Ignore the ‘trendy jobs’


“It’s a difficult economy, so it can be hard to buck the trend,” notes Kelly Tieger. But while considering the current so-called trendy jobs, it’s also important to be realistic. “Think of the typical artistic type,” says Paul Tieger. “Those people really need to be true to themselves. The key is understanding what your strengths are.”

He notes that people who know that they would stress out in environments with tight deadlines, should gravitate towards fields where they can give themselves the time and space they need.

See if you can make a lateral move


If you are certain that your current department or environment isn’t working for you, see if you can make a lateral move within your organization, advises Kelly Tieger. Applying for a different position may not make a difference in your salary, but it will greatly enhance your quality of life.

Start Early


If possible, the Tiegers say that you should examine fields that suit your personality as early as college. “Most people are asked to pick a college major when they are 19,” says Paul Tieger. “And most people don’t have a clue at that age. But you’re probably not going to get someone who is philosophical and artsy to go on Wall Street."

Know Yourself


The more you know your personality, the better say the Tiegers. Career changers who want to discover their exact personality type and profile can take a quiz at personalitytype.com/dowhatyouare.

And don’t fret. “Just because you are creative doesn’t mean that you are doomed to never make money,” says Kelly Tieger. It just means that they creatively have to find the right path for them.


My opinion: I was thinking about the "lateral move" part.  I have worked in other departments at my job.  Sometimes I do like other departments more.

I have thought about working in retail.  I would rather work in restaurants.  If the pay is the same, I would choose to work in restaurants.

I really like this article, and took the personality type quiz.  It reminds me of the days when I read those teen magazines and there were quizzes.  I'm sure some of you guys are laughing at this part.  I got this result:

Personality Type:

The Key to Your Career Satisfaction and Success

The key to finding the most satisfying career lies in understanding your Personality Type. Why? Because work that is in sync with your “Type” lets use your greatest natural, inborn talents, which energizes you and helps you enjoy your work.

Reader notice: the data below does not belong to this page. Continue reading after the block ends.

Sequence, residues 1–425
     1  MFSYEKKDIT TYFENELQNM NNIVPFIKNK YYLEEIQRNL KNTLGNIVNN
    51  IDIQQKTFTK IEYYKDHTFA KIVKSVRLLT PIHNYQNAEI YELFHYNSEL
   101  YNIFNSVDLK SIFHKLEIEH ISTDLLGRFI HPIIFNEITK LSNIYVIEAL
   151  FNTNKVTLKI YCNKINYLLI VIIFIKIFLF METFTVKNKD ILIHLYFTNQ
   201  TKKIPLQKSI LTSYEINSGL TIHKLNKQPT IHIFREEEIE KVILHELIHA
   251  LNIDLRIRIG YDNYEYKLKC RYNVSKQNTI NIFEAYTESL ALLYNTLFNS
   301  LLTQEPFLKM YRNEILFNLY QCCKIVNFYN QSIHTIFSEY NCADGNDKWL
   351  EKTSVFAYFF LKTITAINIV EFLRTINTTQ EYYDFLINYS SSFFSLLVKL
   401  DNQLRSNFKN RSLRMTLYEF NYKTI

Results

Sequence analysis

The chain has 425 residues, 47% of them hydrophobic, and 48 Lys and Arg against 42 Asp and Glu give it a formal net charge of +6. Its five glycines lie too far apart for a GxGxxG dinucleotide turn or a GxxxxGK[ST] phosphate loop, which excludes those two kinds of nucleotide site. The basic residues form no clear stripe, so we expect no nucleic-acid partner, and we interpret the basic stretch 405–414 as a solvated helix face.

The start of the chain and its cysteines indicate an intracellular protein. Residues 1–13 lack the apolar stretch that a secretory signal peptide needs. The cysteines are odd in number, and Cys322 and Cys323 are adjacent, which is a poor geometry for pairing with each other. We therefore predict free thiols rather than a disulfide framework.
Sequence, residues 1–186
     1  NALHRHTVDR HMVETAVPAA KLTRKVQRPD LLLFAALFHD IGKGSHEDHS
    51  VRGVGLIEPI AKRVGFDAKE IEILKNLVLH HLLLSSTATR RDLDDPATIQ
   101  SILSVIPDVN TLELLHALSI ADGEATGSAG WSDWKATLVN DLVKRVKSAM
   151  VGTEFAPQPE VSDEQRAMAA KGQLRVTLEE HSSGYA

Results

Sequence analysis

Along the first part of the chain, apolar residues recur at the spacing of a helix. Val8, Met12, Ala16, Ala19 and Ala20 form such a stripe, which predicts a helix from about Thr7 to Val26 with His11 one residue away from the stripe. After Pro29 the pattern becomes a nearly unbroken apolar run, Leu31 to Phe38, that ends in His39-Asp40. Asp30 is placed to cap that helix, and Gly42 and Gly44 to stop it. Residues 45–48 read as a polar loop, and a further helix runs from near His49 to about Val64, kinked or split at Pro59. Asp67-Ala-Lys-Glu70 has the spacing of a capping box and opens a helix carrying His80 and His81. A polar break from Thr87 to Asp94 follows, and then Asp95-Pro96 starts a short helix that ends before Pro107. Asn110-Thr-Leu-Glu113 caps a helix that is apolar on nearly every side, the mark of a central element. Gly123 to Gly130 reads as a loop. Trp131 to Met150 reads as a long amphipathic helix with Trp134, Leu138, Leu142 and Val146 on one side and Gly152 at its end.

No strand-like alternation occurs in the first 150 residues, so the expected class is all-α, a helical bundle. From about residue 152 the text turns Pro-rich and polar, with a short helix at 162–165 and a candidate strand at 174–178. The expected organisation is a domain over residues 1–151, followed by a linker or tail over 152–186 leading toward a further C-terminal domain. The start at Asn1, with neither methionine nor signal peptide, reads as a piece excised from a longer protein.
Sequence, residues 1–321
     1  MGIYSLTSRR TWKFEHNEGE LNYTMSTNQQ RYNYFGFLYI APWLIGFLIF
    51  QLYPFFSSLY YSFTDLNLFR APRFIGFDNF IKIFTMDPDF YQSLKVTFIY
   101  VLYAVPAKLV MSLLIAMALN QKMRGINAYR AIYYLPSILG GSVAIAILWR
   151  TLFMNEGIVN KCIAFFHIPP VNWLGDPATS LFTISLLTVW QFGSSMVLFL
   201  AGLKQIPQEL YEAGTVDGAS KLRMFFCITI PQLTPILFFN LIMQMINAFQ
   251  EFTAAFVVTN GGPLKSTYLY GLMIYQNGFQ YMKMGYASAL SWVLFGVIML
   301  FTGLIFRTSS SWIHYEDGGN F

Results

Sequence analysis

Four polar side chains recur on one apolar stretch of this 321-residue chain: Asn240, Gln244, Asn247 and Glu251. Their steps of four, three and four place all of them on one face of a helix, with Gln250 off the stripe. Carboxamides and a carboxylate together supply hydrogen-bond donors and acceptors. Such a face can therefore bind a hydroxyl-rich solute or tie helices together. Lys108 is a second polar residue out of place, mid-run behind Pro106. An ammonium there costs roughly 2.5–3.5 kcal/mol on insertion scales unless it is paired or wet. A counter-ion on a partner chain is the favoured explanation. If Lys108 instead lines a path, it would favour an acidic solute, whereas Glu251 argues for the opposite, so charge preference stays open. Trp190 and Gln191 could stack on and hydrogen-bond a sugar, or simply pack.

Here are just five “Career Satifiers” for people of your type. When they review this list, most INTJs feel: “Wow! How great would it be if I could have these things in my job?!”

The good news is…you absolutely can! Start right now by identifying your top career satisfiers. This can help you find a career which will bring you the greatest satisfaction and success.

INTJ

Introverted, Intuitive, Thinking, Judgers

A satisfying career for you involves work that:
  • Lets you create and develop innovative solutions to problems
  • Lets you work with others whom you respect
  • Allows you to work independently and do things your way
  • Reflects and meets your very high standards
  • Provides you with a lot of control and autonomy


"How can I get experience if I can't get a job?"/ "Playing favorites"

Dec. 26, 2015 "How can I get experience if I can't get a job?": I cut out this article from Julie Labrie in the Globe and Mail on May 11, 2012:

THE SCENARIO

I am finding myself stuck in my job search. Every employer seems to want many years of work experience and, as a recent graduate, I just don't have this. It is extremely frustrating how narrow-minded many people seem to be about this. How are you supposed to get experience if no one gives you a chance? It doesn't seem to matter if you volunteer extensively, constantly answer job ads, and network. If you are a young person you may as well give up, in my view, because employers are just not interested. Do you have any suggestions?

THE ADVICE

Although you may feel frustrated, there is hope out there, I promise. Let’s start by reviewing some do’s and don’ts to land that first postgraduate job: